Should I Allow My Dog to Eat Grass?

It’s not uncommon for our canine companions to eat grass every now and then. It might look odd, but the question is… is it safe? Here, your veterinarian Aurora, CO tells you more.

Why Exactly Do Dogs Eat Grass, Anyway?

There are a variety of theories as to why dogs might eat grass, although no one knows for sure. Most commonly, it’s thought that dogs may eat grass to induce vomiting, perhaps to alleviate gas or an upset stomach. Dogs also might eat grass to add some roughage to their diet, or because they’ve grown tired of their normal food.

Could Medical Problems Be to Blame?

Yes, a dog could be eating grass in an attempt to add essential nutrients—such as fiber—that they’re not receiving from their commercial diet. If you’ve noticed your dog eating grass frequently, it’s time to see the vet!

Is Eating Grass Safe for Dogs?

All things considered, it’s not worth the risk to let your dog eat grass. Even if a medical issue isn’t the cause, grass could be treated with fertilizers or other chemicals that you don’t want Fido ingesting!

Contact your animal hospital Aurora, CO today to make an office appointment.

Cat Hairballs 101

Have you ever seen your cat produce a hairball? It’s certainly unpleasant, but can it do your cat any harm? Below, your veterinarian Aurora, CO tells you everything you need to know about hairballs.

Why Do Hairballs Form?

Tiny barbs on your cat’s tongue pick up loose fur from the coat when your cat grooms herself. Most of this swallowed hair is expelled in the feces after it moves through the digestive tract. Some hair, though, remains in the gut and forms a hairball, which your cat eventually regurgitates.

Are Hairballs Safe for Fluffy?

Yes, the occasional hairball is a part of life for most cats and won’t harm them. However, if your cat is retching and gagging but not producing a hairball, she may have a blocked windpipe. Rush her to the emergency room right away. Also, hairball regurgitation and vomiting are not the same thing—consistent vomiting is an indicator of serious illness!

Can I Make Hairballs Occur Less Often?

Ask your vet about a special diet that may help your cat shed less. Daily grooming with a brush is the best way, though, to help Fluffy produce less hairballs.

To learn more, contact your vets Aurora, CO.

Common Cat Toxins

Although dogs are often more likely to gobble up whatever substance is in front of them, putting them at a somewhat greater risk for poisoning, cats are also susceptible! Here, your vet Aurora, CO tells you about some of the most common cat toxins to be aware of.

Poisonous Plants

Plenty of plants and flowers aren’t safe for cats, and they’re some of the most common toxins since our feline friends often like to munch on vegetation. Lilies are particularly poisonous, and other plants like dieffenbachia, elephant ear, certain aloe plants, rhododendron, and more can also pose a serious risk. Keep your cat away!

Human Foods

Garlic, onions, grapes and raisins, chocolate, candy, gum, alcohol… the list of potentially harmful foods is quite long! Don’t leave dangerous foods out on countertops; you know how easy it is for cats to leap up and start exploring!

Antifreeze

Antifreeze is a particular problem during the winter months; it contains ethylene glycol, a poisonous alcohol substance. The problem is that antifreeze tastes and smells sweet, which may attract your cat! Use antifreeze carefully and clean up spills right away.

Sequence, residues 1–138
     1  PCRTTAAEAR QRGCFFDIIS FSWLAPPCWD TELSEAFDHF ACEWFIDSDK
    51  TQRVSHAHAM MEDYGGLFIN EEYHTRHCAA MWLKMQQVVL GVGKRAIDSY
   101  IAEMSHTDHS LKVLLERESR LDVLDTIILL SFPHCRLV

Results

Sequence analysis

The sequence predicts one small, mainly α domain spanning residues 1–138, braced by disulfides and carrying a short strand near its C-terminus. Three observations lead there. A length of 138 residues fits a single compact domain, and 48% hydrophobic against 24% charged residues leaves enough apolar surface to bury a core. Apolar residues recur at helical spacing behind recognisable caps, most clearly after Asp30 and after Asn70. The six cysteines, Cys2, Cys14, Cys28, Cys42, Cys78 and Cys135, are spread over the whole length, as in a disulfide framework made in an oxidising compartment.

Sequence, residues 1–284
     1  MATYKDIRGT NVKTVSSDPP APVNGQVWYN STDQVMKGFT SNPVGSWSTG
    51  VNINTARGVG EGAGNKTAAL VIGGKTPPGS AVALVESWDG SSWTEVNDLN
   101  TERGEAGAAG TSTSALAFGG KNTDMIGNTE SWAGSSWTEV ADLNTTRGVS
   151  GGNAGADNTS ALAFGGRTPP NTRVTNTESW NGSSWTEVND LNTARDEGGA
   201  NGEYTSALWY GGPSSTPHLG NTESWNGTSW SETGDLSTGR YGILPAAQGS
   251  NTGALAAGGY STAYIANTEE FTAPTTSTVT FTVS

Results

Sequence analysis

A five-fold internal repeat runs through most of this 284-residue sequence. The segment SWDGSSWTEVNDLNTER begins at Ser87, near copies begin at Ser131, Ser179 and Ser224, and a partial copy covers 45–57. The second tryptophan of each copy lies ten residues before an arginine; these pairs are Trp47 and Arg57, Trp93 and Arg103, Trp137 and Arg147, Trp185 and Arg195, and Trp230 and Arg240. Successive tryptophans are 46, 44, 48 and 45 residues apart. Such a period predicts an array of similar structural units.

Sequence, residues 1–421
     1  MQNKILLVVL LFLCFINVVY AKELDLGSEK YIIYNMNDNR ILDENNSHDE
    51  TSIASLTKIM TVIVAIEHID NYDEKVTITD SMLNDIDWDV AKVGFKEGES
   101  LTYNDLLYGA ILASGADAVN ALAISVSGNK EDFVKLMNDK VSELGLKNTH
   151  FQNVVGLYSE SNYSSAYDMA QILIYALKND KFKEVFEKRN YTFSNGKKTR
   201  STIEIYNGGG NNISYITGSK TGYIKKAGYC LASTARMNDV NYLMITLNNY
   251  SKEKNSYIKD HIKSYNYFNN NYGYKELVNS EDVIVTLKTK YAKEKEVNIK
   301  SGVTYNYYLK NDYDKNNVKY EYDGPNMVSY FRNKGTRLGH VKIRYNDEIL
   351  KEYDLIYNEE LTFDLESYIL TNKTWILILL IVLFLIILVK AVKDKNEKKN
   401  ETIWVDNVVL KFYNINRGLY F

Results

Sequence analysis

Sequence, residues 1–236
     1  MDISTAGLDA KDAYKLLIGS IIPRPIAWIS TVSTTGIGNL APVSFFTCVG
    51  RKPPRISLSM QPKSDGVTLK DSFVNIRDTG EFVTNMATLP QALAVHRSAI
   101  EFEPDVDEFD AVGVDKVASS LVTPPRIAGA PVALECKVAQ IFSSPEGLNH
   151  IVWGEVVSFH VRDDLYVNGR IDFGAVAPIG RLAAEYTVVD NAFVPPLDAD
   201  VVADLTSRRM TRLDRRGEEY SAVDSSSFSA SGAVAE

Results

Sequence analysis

For more information on cat toxins, give your pet clinic Aurora, CO a call.

Hair Care Tips for Dogs

Dogs aren’t as good at grooming themselves as our feline friends. It’s up to you to help your canine companion maintain their coat of fur! Use these tips from your Aurora, CO veterinarian to do just that.

Brushing

Run a brush through your dog’s coat on a daily basis. This removes loose or dead hair, gets rid of grime under the fur, and smooths tangles. In addition, it spreads essential skin oils through the coat to moisturize it naturally, reducing shedding in the long run. Ask your vet to recommend the proper brush type for your dog’s fur.

Bathing

Bathing your dog occasionally is another good way to care for their coat. Don’t overdo bathing, though, as it can backfire and dry out the skin and fur if done too frequently. Always use a canine-formulated shampoo, as shampoos made for humans or other animals might be too strong.

Quality Diet

Did you know that feeding Fido a high-quality diet is one of the absolute best ways to care for his coat? When your dog receives the right nutrients, the hair and skin stays healthy!

For a recommendation on a diet for your dog, call your animal hospital Aurora, CO today.

Tips for Traveling With Your Dog

It’s definitely a lot of fun to go on road trips or family vacations with your canine companion. Make sure they stay safe during your travels! Here, your veterinarian Aurora, CO gives you a few quick tips.

Car Ride Tips

If your dog is anxious about riding in the car, try desensitizing him to it by going on short rides once a day. During rides, you can try playing soothing music at a low volume or cracking a window for a bit of airflow. Take frequent pit stops to give your dog a break.

Identification

Now more than ever, it’s important that your dog is properly identified. Have them wear ID tags on the collar, a microchip, or both in tandem for maximum effectiveness. Talk to your veterinarian right away if your dog needs these identification measures.

Check the Destination

Before leaving home, check your destination to make sure that dogs are allowed. Certain resorts, hotels, beaches, and other areas don’t allow pets, and you don’t want to show up only to have Fido turned away!

Want more tips for traveling with your dog? We’re here for you! Give your veterinary clinic Aurora, CO a call today to learn more.